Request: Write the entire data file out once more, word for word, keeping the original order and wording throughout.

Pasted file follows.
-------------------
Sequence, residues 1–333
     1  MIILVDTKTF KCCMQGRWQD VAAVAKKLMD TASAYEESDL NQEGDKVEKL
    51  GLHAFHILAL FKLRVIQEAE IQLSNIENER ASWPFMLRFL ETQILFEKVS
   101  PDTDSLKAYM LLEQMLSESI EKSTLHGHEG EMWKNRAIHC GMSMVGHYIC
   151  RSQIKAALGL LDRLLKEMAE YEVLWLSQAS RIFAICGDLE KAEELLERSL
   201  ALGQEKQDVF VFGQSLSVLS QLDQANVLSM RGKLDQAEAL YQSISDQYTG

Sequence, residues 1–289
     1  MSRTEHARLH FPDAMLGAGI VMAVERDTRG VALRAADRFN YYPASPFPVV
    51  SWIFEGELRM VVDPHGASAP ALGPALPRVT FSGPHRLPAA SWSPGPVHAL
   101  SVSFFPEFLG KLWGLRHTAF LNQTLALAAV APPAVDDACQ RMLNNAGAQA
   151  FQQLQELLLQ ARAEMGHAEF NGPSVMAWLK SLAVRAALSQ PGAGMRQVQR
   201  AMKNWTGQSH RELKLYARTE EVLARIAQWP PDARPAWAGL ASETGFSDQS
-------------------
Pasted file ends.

Sequence, residues 1–333
     1  MIILVDTKTF KCCMQGRWQD VAAVAKKLMD TASAYEESDL NQEGDKVEKL
    51  GLHAFHILAL FKLRVIQEAE IQLSNIENER ASWPFMLRFL ETQILFEKVS
   101  PDTDSLKAYM LLEQMLSESI EKSTLHGHEG EMWKNRAIHC GMSMVGHYIC
   151  RSQIKAALGL LDRLLKEMAE YEVLWLSQAS RIFAICGDLE KAEELLERSL
   201  ALGQEKQDVF VFGQSLSVLS QLDQANVLSM RGKLDQAEAL YQSISDQYTG

Sequence, residues 1–289
     1  MSRTEHARLH FPDAMLGAGI VMAVERDTRG VALRAADRFN YYPASPFPVV
    51  SWIFEGELRM VVDPHGASAP ALGPALPRVT FSGPHRLPAA SWSPGPVHAL
   101  SVSFFPEFLG KLWGLRHTAF LNQTLALAAV APPAVDDACQ RMLNNAGAQA
   151  FQQLQELLLQ ARAEMGHAEF NGPSVMAWLK SLAVRAALSQ PGAGMRQVQR
   201  AMKNWTGQSH RELKLYARTE EVLARIAQWP PDARPAWAGL ASETGFSDQS